Our first pillar, the legislature, has been shaken with a sudden introduction of acts like CAA and Farm Laws. The second pillar of our democracy, the Executive, is endowed to implement the acts passed by the government but the executives are under the influence of the ministers and thereby don’t make rational decisions. The third pillar- the Judiciary, the judicial system of India surely has a broken leg with a delay in the judgments. Speaking of the judiciary, how can we forget about the Chief Justice of India who headed the bench in his own case of alleged sexual harassment? This is the situation of the judicial system in India. Fourth, of course, the media has now been under the ‘overarching architecture of the government.

Therefore, the above deliberation vividly depicts the loopholes of the Indian democracy and the problems that the Indians are facing currently are because of the improper functioning of the four pillars of our democratic system. So do you think with all of this happening so frequently, India is a true democracy today?

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An ambassador and trained facilitator under Eco Femme (a social enterprise working towards menstrual health in south India), Sanjina is also an active member of the MHM Collective- India and Menstrual Health Alliance- India. She has conducted Menstrual Health sessions in multiple government schools adopted by Rotary District 3240 as part of their WinS project in rural Bengal. She has also delivered training of trainers on SRHR, gender, sexuality and Menstruation for Tomorrow’s Foundation, Vikramshila Education Resource Society, Nirdhan trust and Micro Finance, Tollygunj Women In Need, Paint It Red in Kolkata.

Now as an MH Fellow with YKA, she’s expanding her impressive scope of work further by launching a campaign to facilitate the process of ensuring better menstrual health and SRH services for women residing in correctional homes in West Bengal. The campaign will entail an independent study to take stalk of the present conditions of MHM in correctional homes across the state and use its findings to build public support and political will to take the necessary action.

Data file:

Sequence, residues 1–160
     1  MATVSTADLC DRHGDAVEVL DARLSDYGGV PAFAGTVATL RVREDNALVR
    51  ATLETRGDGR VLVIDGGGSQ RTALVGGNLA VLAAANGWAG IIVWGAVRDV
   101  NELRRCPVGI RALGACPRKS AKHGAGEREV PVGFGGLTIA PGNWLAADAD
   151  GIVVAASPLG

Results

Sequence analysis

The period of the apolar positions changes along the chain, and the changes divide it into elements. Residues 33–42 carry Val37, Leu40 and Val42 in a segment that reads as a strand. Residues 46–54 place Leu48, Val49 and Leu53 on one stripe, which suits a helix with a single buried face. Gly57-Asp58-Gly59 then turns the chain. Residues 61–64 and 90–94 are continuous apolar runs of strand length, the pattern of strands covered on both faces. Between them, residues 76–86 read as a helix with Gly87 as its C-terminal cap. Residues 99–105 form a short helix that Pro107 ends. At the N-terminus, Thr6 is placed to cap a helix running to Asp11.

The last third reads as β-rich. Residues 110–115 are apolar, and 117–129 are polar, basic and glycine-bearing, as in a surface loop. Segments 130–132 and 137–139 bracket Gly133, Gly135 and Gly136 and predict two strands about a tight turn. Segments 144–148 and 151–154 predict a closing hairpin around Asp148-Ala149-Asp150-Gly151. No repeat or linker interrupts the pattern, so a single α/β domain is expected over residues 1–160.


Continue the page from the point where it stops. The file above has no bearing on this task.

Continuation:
Saurabh has been associated with YKA as a user and has consistently been writing on the issue MHM and its intersectionality with other issues in the society. Now as an MHM Fellow with YKA, he’s launched the Right to Period campaign, which aims to ensure proper execution of MHM guidelines in Delhi’s schools.

The long-term aim of the campaign is to develop an open culture where menstruation is not treated as a taboo. The campaign also seeks to hold the schools accountable for their responsibilities as an important component in the implementation of MHM policies by making adequate sanitation infrastructure and knowledge of MHM available in school premises.

Read more about his campaign.

Harshita is a psychologist and works to support people with mental health issues, particularly adolescents who are survivors of violence. Associated with the Azadi Foundation in UP, Harshita became an MHM Fellow with YKA, with the aim of promoting better menstrual health.

Her campaign #MeriMarzi aims to promote menstrual health and wellness, hygiene and facilities for female sex workers in UP. She says, “Knowledge about natural body processes is a very basic human right. And for individuals whose occupation is providing sexual services, it becomes even more important.”

Meri Marzi aims to ensure sensitised, non-discriminatory health workers for the needs of female sex workers in the Suraksha Clinics under the UPSACS (Uttar Pradesh State AIDS Control Society) program by creating more dialogues and garnering public support for the cause of sex workers’ menstrual rights. The campaign will also ensure interventions with sex workers to clear misconceptions around overall hygiene management to ensure that results flow both ways.

Read more about her campaign.

MH Fellow Sabna comes with significant experience working with a range of development issues. A co-founder of Project Sakhi Saheli, which aims to combat period poverty and break menstrual taboos, Sabna has, in the past, worked on the issue of menstruation in urban slums of Delhi with women and adolescent girls. She and her team also released MenstraBook, with menstrastories and organised Menstra Tlk in the Delhi School of Social Work to create more conversations on menstruation.

With YKA MHM Fellow Vineet, Sabna launched Menstratalk, a campaign that aims to put an end to period poverty and smash menstrual taboos in society. As a start, the campaign aims to begin conversations on menstrual health with five hundred adolescents and youth in Delhi through offline platforms, and through this community mobilise support to create Period Friendly Institutions out of educational institutes in the city.

Read more about her campaign. 

A student from Delhi School of Social work, Vineet is a part of Project Sakhi Saheli, an initiative by the students of Delhi school of Social Work to create awareness on Menstrual Health and combat Period Poverty. Along with MHM Action Fellow Sabna, Vineet launched Menstratalk, a campaign that aims to put an end to period poverty and smash menstrual taboos in society.